Kenya: Safaricom takes 99.9% of mobile money market – african markets
Safaricom has grown its control of the mobile money market to 99.9 percent amid efforts by regulators to open its M-Pesa platform to interface with those from rival Airtel Kenya and Telkom Kenya in a bid to enhance competition in the sector.
Data from the Central Bank of Kenya (CBK) shows that M-Pesa has grown its share of the value of mobile money transactions in the last three years to hit Sh2.206 trillion (99.9 percent) out of the total of Sh2.208 trillion worth of transactions in 2021.
M-Pesa’s growth has eaten into the market of Airtel Money and Telkom’s T-Kash in the period with their shares dropping to 0.2 percent and 0.1 percent respectively.
Safaricom’s control of the market has prompted a push for regulatory changes initiated by its rivals who allege that the telco is abusing dominance.
The CBK, in a presentation to Parliament, said competition in the industry is being addressed through increased integration of the competing platforms.
“Key initiatives to impact the payments sector include full-scale interoperability to build on existing collaboration and progress to national switch ‘pay anyone anywhere,” CBK says in the presentation.
The regulator in 2020 published draft regulations to allow users to withdraw cash from an agent of their choice irrespective of whether they belong to Safaricom, Airtel, or Telkom.
Airtel and Telkom subscribers will also be allowed to pay for bills via Safaricom’s Lipa na M-Pesa if the proposed regulations get Parliamentary nod, marking the latest push to deepen financial inclusion in the country.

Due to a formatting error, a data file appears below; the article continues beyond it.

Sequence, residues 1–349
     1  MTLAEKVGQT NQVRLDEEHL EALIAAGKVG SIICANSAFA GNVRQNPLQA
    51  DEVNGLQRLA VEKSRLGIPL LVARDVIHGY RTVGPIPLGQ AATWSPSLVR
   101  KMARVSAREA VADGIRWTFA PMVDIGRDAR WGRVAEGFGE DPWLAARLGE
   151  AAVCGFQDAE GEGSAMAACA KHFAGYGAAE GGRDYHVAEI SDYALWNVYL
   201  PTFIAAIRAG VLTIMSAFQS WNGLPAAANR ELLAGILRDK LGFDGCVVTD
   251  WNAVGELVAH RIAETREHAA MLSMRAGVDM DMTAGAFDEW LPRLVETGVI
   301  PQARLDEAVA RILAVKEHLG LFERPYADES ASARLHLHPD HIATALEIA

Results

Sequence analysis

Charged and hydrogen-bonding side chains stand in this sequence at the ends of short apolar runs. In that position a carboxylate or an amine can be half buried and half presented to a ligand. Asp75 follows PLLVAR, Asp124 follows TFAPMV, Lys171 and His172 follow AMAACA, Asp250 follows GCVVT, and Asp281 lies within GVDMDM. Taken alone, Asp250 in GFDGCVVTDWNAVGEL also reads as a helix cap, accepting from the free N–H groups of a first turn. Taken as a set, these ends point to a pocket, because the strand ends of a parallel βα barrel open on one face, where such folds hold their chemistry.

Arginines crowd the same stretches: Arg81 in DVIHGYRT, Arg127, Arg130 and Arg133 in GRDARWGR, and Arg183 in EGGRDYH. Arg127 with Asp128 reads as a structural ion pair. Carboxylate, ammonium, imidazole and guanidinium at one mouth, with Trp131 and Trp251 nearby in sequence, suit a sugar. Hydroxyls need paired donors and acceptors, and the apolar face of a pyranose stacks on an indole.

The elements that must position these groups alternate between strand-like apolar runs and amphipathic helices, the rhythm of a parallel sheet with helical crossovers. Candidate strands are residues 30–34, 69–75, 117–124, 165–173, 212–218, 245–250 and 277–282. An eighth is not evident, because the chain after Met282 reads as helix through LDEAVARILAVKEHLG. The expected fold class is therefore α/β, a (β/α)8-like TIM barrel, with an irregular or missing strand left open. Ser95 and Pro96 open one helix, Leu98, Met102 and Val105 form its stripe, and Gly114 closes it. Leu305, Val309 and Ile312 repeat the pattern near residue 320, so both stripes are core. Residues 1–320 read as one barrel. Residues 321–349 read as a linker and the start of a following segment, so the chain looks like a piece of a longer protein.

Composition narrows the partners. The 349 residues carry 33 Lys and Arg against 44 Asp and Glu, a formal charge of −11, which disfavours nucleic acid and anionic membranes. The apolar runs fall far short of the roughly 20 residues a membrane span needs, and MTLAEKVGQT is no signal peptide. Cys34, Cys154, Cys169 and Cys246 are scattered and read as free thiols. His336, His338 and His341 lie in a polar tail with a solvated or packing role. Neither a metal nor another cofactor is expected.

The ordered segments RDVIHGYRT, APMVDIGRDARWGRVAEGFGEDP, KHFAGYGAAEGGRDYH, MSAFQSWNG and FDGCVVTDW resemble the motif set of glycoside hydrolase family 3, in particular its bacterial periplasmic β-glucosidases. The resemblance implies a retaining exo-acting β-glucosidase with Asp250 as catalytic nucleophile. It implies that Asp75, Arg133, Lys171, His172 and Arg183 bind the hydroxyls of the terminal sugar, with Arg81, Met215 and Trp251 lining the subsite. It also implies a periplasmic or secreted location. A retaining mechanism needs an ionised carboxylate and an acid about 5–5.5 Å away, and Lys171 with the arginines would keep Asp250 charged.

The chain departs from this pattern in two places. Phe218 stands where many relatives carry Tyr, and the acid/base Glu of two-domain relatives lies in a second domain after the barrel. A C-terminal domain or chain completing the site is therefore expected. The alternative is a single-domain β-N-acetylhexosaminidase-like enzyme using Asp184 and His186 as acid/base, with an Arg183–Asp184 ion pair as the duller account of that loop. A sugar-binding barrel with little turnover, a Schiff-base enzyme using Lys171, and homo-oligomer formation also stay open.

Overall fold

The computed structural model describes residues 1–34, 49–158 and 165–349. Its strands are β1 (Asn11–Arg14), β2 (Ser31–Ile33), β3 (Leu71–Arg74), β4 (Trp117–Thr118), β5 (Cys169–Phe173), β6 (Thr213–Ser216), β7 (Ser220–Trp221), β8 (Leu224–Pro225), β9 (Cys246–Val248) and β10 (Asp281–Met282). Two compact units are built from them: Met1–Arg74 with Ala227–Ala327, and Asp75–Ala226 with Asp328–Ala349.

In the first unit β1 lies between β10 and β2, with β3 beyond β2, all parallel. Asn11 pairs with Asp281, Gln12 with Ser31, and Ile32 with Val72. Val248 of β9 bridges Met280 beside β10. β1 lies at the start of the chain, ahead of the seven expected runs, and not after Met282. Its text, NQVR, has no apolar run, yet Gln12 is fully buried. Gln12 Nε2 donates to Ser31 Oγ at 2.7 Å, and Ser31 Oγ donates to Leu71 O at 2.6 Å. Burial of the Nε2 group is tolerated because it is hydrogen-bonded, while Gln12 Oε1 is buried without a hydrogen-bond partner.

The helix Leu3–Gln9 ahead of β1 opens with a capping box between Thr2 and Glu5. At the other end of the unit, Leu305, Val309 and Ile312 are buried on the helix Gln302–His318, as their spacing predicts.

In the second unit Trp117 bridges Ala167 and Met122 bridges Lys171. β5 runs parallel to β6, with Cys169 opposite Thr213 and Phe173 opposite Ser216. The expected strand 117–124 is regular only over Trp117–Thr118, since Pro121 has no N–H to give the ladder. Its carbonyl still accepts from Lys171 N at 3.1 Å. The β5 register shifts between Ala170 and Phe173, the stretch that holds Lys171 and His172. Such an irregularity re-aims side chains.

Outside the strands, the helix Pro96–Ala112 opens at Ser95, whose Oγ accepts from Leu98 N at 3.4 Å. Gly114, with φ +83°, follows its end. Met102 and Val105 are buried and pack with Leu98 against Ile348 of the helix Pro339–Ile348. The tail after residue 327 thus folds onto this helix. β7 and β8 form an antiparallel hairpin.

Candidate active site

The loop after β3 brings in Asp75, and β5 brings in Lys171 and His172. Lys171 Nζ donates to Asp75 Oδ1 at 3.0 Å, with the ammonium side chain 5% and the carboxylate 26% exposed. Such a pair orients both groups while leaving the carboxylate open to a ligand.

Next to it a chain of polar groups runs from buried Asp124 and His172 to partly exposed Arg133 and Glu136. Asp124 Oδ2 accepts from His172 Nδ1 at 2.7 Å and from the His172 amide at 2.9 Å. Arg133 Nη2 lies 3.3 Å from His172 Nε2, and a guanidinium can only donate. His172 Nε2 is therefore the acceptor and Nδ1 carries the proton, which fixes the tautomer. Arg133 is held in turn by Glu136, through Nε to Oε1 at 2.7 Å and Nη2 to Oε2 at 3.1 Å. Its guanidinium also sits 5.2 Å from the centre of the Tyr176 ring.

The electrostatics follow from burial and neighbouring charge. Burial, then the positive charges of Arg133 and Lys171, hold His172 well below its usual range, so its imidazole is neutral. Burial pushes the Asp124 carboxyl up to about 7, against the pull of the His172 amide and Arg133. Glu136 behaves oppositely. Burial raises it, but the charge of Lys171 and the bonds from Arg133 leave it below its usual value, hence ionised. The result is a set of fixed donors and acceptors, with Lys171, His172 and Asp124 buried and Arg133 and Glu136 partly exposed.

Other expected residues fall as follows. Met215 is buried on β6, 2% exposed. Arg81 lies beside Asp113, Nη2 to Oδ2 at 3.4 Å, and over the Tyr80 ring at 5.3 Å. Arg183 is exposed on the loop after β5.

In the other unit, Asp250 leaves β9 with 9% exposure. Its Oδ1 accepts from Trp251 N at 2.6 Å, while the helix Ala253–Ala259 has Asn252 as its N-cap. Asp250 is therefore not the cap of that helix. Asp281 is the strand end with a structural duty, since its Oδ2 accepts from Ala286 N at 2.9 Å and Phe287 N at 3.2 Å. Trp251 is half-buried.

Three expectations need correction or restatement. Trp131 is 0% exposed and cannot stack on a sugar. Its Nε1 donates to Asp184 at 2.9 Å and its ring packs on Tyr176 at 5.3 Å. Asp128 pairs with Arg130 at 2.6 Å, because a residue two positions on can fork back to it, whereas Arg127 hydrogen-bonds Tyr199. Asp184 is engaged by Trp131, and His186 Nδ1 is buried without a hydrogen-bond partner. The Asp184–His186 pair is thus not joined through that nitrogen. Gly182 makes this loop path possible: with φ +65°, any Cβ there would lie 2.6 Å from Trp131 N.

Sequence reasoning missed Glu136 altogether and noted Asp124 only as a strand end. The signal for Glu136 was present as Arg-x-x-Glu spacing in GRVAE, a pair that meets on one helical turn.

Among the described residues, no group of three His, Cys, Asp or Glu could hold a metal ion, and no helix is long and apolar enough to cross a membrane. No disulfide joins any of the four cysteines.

Safaricom has been uncomfortable with the push to open M-Pesa outlets to rival firms.
Mobile money has over the years grown to be a lucrative revenue stream for telcos as customers use them to send cash, pay for goods and services and take short-term credit.
The CBK data shows that Safaricom grew its control of the mobile money market from 99.7 percent in 2019 to 99.8 percent a year later.
Airtel Money has recorded a drop in its share from 0.3 percent in 2019 to 0.2 percent a year later while T-Kash grew from 0.004 percent to 0.006 percent in a similar period.
Since 2018, subscribers on the three telcos have sent money across mobile phone networks but can only withdraw cash from agents associated with the operator.
Airtel and Telkom have petitioned Parliament on several occasions for the government to declare Safaricom the dominant player in the sector, paving way for regulatory changes intended to boost their dwindling fortunes.
MARKET STATUS: OPEN
KENYAN SHILLING (KES)
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